Design Engineering

Etching process turns aluminum sheets into antiviral, antibacterial surfaces

By DE Staff   

General Medical

Research by Queensland University of Technology engineers looks to reduce spread of COVID-19 and other infections in hospitals.

(Photo credit: Institute for Future Environments, Queensland University of Technology, Brisbane)

Accord to the U.S. Department of Health and Human Services, hospital-acquired infections, while in decline, still cause tens of thousands of deaths every year. Healthcare facilities use chemicals to kill both pathogens but the effects are relatively short lived.

And although some surfaces have been developed that can combat bacteria alone, the coronavirus pandemic has sparked demand for a material and/or surface treatment that is also antiviral.

According to a report in ACS Biomaterials Science & Engineering, researchers at Queensland University of Technology, Brisbane have developed a process that makes the aluminum alloy used in healthcare equipment inherently antiviral and antibacterial.

To develop their technique, the QUT researches turned to nature, specifically the microscopic structural features on insect wings that distort and kill pathogen cells. The research team replicated this effect by etching aluminum 6063, an alloy commonly used in medical equipment, with sodium hydroxide for up to three hours. The wet etching technique created randomly-aligned ridges, approximately 23nm wide, that changed the alloy’s smooth, hydrophobic surface into a ridged, hydrophilic surface.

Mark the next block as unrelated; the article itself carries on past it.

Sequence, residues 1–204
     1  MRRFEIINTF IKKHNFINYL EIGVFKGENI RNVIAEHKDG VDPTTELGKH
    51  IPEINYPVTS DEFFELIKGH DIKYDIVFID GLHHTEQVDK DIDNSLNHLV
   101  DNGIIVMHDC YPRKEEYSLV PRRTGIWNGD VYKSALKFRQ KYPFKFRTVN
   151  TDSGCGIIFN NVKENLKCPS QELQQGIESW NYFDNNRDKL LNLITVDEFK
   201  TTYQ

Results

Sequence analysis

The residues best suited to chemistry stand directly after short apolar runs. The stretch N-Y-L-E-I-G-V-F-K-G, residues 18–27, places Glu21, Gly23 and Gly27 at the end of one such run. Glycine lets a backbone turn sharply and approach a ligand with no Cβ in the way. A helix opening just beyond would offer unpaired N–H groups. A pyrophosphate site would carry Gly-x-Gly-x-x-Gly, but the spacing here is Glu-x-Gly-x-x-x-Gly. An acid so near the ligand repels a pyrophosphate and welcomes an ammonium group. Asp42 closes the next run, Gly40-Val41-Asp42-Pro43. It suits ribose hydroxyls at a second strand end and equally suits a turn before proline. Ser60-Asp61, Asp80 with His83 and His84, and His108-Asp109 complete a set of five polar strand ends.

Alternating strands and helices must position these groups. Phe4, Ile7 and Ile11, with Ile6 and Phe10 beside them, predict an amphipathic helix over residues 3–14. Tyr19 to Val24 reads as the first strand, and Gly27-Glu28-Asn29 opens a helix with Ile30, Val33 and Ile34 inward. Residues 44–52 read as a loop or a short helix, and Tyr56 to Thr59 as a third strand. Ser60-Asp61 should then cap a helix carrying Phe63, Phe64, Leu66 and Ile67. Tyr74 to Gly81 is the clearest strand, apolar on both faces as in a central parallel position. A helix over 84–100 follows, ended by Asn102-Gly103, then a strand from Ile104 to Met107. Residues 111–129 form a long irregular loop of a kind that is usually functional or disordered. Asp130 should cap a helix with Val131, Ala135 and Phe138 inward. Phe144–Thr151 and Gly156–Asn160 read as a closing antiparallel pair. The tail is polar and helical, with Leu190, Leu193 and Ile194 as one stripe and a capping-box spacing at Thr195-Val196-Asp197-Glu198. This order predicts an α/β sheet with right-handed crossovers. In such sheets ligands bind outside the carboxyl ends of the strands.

The result, the report states, was the inactivation of most of the Gram negative bacteria Pseudomonas aeruginosa and the Gram positive bacteria Staphylococcus aureus after three hours on the surface. More importantly, the viability of common respiratory viruses, like respiratory syncytial virus (RSV) and rhinovirus (RV), dropped within two hours. Both results were better than with plastic or smooth aluminum surfaces.

Despite the etching process, the researchers said the disks retained their effectiveness even after tests designed to mimic hospital wear and tear. The researchers say their work is the first to show combined antibacterial and antiviral properties of a durable, nanostructured surface. The discovery could stop the spread of infections transmitted via physical surfaces, whether in hospitals or other public areas, such as cruise ships, planes and airports, they said. The team is now studying the effects of their nano-textured aluminum surfaces on the novel coronavirus.


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